Members of Wisconsin Jobs Now, Young, Gifted, and Black, Youth Empowered in the Struggle (YES), Milwaukee Inner-city Congregations Allied for Hope (MICAH), 9to5 Wisconsin, Concerned Citizens of Wausau, SEIU Local 1, Amalgamated Transit Union Local 998, Ferguson to Madison, AFSCME DC-48, United Wisconsin, the African-American Roundtable, the International Socialist Organization and the Teaching Assistants’ Association (TAA) are expected to take part in "National Day of Action" events in Madison Wednesday.
The Coalition for Justice, which has organized demonstrations in support of Dontre Hamilton and his family in Milwaukee is also expected to attend. 31-year-old Hamilton was shot and killed by former Milwaukee Police Officer Christopher Manney in Red Arrow Park in Milwaukee in April 2014.
"We'll be rallying the people and marching. What we hope to do is raise awareness -- continue to raise awareness about state violence and what it looks like," community organizer Eric Upchurch said.
Also Wednesday, a demonstration is planned in support of the Madison Police Department and Madison Police Officer Matt Kenny. That demonstration is planned for 5:00 p.m. at the Law Enforcement Memorial on North Pinckney Street in Madison.
A fellow officer posted the following message on Facebook in support of Officer Matt Kenny:
"Matt Kenny is my friend. He is one of the most professional, compassionate, and level-headed people I have ever known. As an officer, he is someone I have trusted many times with my safety and my life. If my family needed help, or if they were in danger, I would want Matt to respond to help them.
On countless occasions, Matt has put his own safety at risk to come to the aid of complete strangers who needed help, and I have no doubt that's what he did on Friday night when citizens called 911 after being allegedly attacked, assaulted and strangled. Having been involved in a shooting myself, I can attest that no officer would ever choose to subject themselves and their families to the stress, fear and trauma that comes with such an incident - unless they believed it was the only possible way they, or another innocent person would survive to see their loved ones again.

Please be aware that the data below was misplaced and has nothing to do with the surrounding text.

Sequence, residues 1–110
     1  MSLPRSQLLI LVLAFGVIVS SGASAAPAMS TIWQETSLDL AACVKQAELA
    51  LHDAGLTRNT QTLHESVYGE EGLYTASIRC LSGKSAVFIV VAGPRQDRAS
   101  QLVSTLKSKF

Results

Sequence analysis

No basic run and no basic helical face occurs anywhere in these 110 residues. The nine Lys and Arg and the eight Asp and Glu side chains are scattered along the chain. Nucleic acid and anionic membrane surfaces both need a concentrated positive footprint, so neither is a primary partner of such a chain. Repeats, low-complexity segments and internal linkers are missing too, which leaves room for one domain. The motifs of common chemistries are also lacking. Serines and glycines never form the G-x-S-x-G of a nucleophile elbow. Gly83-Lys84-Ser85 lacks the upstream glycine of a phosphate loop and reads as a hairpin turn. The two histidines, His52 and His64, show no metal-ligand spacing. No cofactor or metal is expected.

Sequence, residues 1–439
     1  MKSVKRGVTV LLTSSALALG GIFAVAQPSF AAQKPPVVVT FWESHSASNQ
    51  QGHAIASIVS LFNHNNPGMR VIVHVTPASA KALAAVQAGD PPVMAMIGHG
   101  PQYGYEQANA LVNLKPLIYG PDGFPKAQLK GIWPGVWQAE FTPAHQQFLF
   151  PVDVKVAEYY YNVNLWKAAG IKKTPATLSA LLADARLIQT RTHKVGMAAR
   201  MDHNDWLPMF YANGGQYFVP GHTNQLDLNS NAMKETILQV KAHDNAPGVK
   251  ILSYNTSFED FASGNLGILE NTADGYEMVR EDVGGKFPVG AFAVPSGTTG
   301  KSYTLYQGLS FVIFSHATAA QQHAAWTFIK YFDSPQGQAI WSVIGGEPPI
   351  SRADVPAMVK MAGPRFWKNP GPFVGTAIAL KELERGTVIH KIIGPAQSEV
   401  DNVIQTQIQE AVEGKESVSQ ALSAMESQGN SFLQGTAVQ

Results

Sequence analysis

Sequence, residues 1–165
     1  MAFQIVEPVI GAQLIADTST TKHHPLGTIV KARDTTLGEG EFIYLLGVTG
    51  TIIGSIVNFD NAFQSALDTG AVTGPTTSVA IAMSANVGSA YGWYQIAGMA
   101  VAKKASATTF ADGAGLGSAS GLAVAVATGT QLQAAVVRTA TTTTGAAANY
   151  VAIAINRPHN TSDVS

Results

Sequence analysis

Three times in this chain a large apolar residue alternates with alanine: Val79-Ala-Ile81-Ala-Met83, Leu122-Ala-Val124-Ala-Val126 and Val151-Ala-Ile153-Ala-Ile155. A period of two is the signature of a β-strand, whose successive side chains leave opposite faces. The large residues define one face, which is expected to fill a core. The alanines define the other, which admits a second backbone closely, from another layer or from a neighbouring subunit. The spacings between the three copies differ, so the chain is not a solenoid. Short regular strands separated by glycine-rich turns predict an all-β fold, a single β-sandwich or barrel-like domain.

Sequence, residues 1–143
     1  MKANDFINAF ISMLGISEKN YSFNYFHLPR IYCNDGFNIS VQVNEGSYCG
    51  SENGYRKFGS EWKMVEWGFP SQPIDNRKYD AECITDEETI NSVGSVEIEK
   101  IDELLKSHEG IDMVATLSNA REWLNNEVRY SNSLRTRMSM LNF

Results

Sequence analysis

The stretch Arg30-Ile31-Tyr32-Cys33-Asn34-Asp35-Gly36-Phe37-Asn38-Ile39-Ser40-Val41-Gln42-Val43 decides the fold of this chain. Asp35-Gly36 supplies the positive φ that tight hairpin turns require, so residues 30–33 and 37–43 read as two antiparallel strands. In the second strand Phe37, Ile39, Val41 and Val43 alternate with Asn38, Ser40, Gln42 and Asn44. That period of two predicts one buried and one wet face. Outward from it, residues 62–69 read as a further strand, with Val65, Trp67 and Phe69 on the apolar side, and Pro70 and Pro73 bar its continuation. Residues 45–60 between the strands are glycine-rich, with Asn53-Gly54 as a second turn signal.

Matt is a skilled officer who trains vigorously because understands that people will rely on his performance when they need him in the most dire of circumstances. But more remarkable than Matt's devotion to others as their protector - is his compassion for life. Matt has used his experience as a Coast Guard medic to help bring medical/trauma training and equipment to MPD officers, which has helped save the lives of many citizens throughout the city. As recently as March 1st, officers used that very training to help save the life of a young African American man who was shot multiple times on Russett Rd. Matt trains new recruits and veteran officers in the department on how to respond to mass-casualty events or active shooter situations, so officers will be prepared to help treat victims and provide life-saving first aid during those critical moments. What is clear about Matt is he has fundamental belief in the sanctity of human life, and has invested so much of his time and energy in protecting it.
There are two photos of Matt that perhaps you've seen. One is him delivering cakes to couples who were being married last year at the Capitol after the courts struck down a ban on gay-marriage. The other is Matt administering oxygen to a cat after a fire. Why did he do these things? Because he cares about people, and because he values life.
Matt is one of the many fine officers I am proud to work alongside. The people of Madison are fortunate to have such a man in their service."
The Wisconsin Department of Justice's Division of Criminal Investigation is handling the investigation in this case. It will present its report to the Dane County District Attorney's Office for review.